Lithuania scored 58 points on a scale of 100 this year, as compared to 57 in 2013.
According to the index, the lowest Corruption Perception Index is reported in Denmark (92 points) and New Zealand (91 points), whereas the highest was found in North Korea and Somalia (8 points each), the Lithuanian bureau of Transparency International said.
The other Baltic states ranked higher on the index this year, as compared with earlier surveys, i.e., Estonia scored 69 points and placed 26th (68 points and 28th place last year), while Latvia got 55 points and ranked 43rd (53 points and 49th place last year).
In this year’s index, Poland got 61 points and placed 35th (60 points and 38th last year), Belarus 31 points and 119th place (29 points and 123rd last year) and Russia 29 points and 136th place (28 points and 127th last year).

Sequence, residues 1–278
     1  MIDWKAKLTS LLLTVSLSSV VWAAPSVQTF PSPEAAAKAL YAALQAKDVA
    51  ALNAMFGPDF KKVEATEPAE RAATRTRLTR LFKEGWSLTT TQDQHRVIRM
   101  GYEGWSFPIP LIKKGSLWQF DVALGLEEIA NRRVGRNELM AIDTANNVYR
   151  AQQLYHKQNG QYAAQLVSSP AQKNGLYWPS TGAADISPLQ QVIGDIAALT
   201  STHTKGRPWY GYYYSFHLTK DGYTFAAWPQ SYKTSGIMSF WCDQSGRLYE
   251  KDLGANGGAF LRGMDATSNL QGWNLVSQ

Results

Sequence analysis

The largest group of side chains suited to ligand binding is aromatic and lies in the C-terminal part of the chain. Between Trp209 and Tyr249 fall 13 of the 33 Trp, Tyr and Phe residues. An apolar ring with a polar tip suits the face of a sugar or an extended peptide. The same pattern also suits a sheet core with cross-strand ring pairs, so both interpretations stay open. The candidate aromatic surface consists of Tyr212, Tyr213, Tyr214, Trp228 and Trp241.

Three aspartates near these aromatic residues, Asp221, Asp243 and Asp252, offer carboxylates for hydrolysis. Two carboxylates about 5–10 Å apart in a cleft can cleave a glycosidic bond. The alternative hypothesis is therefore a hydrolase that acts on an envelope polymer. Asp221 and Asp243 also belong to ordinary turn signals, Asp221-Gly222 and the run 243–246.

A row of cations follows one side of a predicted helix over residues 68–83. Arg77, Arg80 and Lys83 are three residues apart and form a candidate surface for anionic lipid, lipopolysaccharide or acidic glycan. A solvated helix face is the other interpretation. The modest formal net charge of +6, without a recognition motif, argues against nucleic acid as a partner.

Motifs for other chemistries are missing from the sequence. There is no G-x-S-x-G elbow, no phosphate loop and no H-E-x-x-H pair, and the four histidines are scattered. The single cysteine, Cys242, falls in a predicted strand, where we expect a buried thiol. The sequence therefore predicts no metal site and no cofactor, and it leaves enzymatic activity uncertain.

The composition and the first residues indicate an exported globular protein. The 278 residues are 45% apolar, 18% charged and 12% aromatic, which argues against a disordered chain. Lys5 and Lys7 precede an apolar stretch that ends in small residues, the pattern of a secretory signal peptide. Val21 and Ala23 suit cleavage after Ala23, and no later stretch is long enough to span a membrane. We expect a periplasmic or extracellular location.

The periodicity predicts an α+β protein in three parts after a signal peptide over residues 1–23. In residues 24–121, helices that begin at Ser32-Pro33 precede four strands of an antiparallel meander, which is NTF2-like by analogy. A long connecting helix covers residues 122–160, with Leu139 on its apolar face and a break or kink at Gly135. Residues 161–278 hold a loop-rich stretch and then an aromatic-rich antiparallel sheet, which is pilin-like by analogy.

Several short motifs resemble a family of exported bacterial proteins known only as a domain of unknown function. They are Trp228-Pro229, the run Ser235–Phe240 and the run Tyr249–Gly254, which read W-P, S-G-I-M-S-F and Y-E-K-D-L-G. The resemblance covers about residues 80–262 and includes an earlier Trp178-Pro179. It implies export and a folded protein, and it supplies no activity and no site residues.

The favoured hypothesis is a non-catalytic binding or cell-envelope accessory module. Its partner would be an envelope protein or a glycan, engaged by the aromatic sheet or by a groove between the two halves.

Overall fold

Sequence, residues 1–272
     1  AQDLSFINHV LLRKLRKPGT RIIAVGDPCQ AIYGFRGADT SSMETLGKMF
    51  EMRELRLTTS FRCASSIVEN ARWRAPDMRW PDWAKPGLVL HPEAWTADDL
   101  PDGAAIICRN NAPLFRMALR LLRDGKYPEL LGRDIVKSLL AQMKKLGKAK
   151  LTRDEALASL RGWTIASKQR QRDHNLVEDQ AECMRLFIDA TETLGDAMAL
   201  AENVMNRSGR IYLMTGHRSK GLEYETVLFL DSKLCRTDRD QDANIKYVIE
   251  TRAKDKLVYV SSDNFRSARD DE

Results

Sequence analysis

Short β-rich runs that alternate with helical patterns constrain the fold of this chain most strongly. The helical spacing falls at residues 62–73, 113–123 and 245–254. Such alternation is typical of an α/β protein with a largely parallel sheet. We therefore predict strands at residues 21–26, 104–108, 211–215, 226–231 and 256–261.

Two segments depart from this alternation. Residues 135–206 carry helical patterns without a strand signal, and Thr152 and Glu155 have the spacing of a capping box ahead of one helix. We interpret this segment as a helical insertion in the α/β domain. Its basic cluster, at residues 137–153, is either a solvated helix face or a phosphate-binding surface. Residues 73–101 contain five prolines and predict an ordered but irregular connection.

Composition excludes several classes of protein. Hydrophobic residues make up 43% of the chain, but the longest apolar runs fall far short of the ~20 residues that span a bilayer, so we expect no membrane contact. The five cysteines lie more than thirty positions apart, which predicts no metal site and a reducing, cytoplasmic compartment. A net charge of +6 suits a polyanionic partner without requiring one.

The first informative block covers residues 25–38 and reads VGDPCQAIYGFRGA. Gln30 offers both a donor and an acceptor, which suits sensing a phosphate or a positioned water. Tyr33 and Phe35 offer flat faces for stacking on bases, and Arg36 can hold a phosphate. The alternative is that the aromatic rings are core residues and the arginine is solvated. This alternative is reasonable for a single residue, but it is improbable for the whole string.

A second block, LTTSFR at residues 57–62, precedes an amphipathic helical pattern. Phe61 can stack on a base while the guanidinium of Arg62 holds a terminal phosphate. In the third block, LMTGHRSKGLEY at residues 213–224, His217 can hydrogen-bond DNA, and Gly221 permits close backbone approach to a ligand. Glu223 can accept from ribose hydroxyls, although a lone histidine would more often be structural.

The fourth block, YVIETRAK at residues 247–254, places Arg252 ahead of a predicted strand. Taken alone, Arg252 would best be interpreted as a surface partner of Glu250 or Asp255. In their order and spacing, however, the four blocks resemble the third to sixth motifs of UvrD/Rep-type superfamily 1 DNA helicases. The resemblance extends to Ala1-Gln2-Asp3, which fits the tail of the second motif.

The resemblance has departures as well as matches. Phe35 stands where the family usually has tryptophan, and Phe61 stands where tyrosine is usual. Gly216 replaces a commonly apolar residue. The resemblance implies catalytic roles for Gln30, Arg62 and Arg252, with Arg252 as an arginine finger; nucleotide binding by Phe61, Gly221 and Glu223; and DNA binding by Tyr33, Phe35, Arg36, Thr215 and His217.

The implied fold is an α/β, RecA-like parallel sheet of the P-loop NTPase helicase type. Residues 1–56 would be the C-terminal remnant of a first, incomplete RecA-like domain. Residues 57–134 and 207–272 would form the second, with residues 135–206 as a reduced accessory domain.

Transparency International’s Corruption Perception Index is one of the world’s most relied upon corruption perception indexes, specifying how various countries are successful in curbing corruption.
In the index, the existing situation is rated by a specific number “on a scale from 100 (very clean) to 0 (highly corrupt)”. The scale of corruption is established by perceived levels of corruption, as determined by expert assessments and opinion surveys.